In the coming year, cloud adoption trends will be driven by the need for increased performance and speed. Here are a few predictions for the future of cloud that we think will materialize in 2016.
1. Hybrid cloud adoption
One of the main cloud trends for 2016 will be the accelerated shift to hybrid cloud. Enterprises want the ability to deploy workloads in their own private environments as well as in service provider environments to achieve the best possible cost efficiency and performance.
Until recently, cloud platforms haven’t delivered the feature parity and technical maturity required by enterprises to make the hybrid cloud dream a reality. But recent advancements are changing this, namely:
The maturing of OpenStack and feature parity – OpenStack has matured and is becoming the cloud platform of choice, making hybrid cloud more accessible to enterprises. While older versions of OpenStack couldn’t match the features and functionalities of other cloud platforms, it now enables on-demand provisioning of bare-metal and virtual instances from the same management interface. The improved feature parity and hybrid capabilities of OpenStack have given enterprise IT the flexibility and control they need to successfully deploy and manage cloud infrastructure. The increased demand for hybrid cloud is one of the main drivers of OpenStack’s continued success.
Technology maturity of cloud – The cloud itself has evolved to become more fluid, stable and interoperable. Today, the interface between the applications and the cloud enables easier migration and movement. Previously, moving workloads was difficult or impossible because many clouds employed proprietary technologies, which caused vendor lock-in. More standardized cloud technologies allow enterprises to move workloads more easily between public and private cloud and even other environments such as those in a data center or third party.
2. The application lifecycle moves to the cloud
As enterprises recognize the need for faster, more agile development, the entire application lifecycle will move to the cloud. The days of a monolithic architecture with a large development team dedicated to the entire application are over. Instead, organizations are recognizing the agility offered by easily configurable infrastructure platforms, where everything from dev to QA to launch takes place in the cloud.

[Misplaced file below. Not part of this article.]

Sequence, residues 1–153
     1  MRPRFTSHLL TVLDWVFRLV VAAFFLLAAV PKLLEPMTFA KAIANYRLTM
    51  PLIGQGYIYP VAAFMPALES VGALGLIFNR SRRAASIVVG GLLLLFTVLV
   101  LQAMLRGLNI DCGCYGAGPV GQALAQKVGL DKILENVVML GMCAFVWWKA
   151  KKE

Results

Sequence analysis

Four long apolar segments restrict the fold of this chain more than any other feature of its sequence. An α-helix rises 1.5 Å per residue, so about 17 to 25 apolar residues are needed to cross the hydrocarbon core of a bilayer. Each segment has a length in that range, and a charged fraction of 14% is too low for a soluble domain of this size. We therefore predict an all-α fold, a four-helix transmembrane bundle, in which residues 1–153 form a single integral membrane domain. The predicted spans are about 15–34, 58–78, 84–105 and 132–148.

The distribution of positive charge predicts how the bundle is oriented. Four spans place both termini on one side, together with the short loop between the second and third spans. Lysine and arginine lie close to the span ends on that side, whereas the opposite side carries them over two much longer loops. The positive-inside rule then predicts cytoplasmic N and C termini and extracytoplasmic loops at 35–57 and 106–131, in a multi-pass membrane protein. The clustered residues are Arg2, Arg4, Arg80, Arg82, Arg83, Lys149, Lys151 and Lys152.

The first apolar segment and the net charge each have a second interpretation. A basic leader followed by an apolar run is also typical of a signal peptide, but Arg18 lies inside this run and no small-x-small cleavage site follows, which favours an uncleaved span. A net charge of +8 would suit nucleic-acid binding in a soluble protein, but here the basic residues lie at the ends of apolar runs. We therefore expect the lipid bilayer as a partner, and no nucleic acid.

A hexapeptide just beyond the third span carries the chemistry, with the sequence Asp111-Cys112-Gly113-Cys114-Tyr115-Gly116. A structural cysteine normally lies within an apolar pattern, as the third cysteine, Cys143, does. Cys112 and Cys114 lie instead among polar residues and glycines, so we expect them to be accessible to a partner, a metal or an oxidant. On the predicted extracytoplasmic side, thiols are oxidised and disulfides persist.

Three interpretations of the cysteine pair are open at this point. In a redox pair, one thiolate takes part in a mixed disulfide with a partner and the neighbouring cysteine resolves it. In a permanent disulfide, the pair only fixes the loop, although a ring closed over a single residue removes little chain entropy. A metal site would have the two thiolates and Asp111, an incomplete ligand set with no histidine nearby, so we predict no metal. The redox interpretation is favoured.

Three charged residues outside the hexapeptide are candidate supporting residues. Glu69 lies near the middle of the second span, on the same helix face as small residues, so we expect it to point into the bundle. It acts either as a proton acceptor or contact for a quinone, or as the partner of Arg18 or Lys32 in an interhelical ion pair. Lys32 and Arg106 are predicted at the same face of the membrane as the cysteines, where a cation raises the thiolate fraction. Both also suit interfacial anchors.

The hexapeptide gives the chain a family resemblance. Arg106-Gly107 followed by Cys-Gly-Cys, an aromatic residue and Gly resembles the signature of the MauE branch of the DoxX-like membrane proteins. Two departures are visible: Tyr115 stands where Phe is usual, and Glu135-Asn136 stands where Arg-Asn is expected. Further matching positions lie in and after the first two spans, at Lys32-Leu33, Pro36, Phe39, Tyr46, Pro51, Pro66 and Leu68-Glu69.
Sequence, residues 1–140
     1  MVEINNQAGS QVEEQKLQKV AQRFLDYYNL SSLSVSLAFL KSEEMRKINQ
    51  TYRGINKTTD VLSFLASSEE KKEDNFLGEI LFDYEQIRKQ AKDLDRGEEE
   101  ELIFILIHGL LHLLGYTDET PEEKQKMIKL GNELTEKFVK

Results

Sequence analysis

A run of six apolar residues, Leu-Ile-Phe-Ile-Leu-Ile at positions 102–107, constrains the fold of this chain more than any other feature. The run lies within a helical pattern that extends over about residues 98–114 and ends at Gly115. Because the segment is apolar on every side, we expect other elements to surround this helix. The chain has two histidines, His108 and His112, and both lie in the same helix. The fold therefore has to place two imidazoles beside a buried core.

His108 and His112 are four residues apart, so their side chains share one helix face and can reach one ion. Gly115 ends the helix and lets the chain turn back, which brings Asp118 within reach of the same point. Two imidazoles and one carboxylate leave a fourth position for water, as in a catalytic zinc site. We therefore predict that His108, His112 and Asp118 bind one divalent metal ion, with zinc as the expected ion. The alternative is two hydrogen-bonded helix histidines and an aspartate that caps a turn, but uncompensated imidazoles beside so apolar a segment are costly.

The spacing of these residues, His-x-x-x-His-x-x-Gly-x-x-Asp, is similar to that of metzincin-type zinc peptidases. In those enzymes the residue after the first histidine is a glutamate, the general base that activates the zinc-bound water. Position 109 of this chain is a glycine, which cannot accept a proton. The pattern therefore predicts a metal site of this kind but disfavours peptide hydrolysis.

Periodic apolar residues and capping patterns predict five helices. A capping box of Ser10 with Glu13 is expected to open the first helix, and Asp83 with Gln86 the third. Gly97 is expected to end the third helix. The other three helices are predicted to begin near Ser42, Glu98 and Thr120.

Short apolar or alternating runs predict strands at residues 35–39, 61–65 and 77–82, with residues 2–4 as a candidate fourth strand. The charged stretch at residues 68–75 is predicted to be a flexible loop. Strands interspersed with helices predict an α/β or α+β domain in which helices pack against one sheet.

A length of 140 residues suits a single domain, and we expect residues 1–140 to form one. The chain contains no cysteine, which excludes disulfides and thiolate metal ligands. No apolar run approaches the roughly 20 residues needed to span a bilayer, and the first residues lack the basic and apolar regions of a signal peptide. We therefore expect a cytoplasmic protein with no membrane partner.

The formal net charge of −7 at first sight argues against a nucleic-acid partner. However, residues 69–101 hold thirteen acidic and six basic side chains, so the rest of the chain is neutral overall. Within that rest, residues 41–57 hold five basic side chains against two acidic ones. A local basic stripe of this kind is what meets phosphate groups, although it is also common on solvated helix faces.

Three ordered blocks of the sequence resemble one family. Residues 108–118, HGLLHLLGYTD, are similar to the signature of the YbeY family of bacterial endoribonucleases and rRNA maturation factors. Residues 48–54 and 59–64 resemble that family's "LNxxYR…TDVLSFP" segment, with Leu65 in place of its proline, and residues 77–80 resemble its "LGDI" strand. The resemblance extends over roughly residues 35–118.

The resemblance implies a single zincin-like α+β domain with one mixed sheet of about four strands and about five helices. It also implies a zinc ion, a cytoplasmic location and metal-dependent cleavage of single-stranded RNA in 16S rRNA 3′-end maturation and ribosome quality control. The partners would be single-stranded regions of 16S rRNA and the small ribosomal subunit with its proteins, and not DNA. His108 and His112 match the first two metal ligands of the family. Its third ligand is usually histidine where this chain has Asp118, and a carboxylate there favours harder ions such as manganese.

Using this approach, some companies with cloud-native apps are adding hundreds of new features and functionality every day. The increased speed and agility offered by a configurable infrastructure platform applies to legacy applications as well; shortening the lifecycle by two-thirds or more than 60% can have a significant business impact.
The underlying infrastructure must also evolve to support this new approach. Developers need the ability to provision infrastructure on demand in a more fluid and cloud-like way. The days of complex approval and procurement processes will be replaced with an API-driven approach.
3. Cloud performance matters
Driven largely by the Internet of Things (IoT), cloud performance will become more critical in the coming year. As IoT gains momentum, it will require high-performance cloud infrastructure to enable efficient data processing and decision making in real time. Without a doubt, IoT technologies will be disruptive across a variety of industries, and businesses large and small will need to have a plan in place to handle this disruption to their ecosystem. IoT will require a highly responsive, scalable infrastructure to successfully derive value from such massive amounts of data. Cloud will become central to IoT infrastructure to enable instant calculations and analysis that will influence supply chain decisions.
4. Big data evolves
Enterprises will continue to embrace the value of big data and use it to drive innovation in their business. Instead of deciphering which big data tools will best fit the needs of the business, enterprises will look to service providers to handle the complexities of the underlying big data tools and infrastructure. Big data-as-a-service (BDaaS) will shift the burden off the enterprise and onto the service provider to create the infrastructure to best support it. Not only will this approach reduce complexity for the enterprise, it will offer better performance and allow enterprises to focus on developing powerful, reliable big data insights.
5. DevOps meets the enterprise
Enterprises are beginning to understand the value of software at the speed of DevOps. In recent years, software-based services have disrupted long-standing industries by creating applications that are easily adopted and consumed by users. The way Uber has transformed the transportation industry is a prime example.
At its core, DevOps relies on agile processes and a fast development lifecycle. Ideally, there is very little lag time between writing the code and making the functionality available on a web page or app, which results in a near-continuous deployment process. Traditional software development processes can’t match this level of speed and time to market.
Enterprises will undergo a philosophical and organizational change as they begin to adopt DevOps-style processes and become more agile. This shift will also drive the need for frictionless processes and increased infrastructure agility. Without access to server provisioning on demand and other cloud automation tools, the dream of implementing DevOps-style processes will not become a reality. Ultimately, the ability of enterprises to compete with disruptive software-based services depends on a foundation of flexible, agile infrastructure.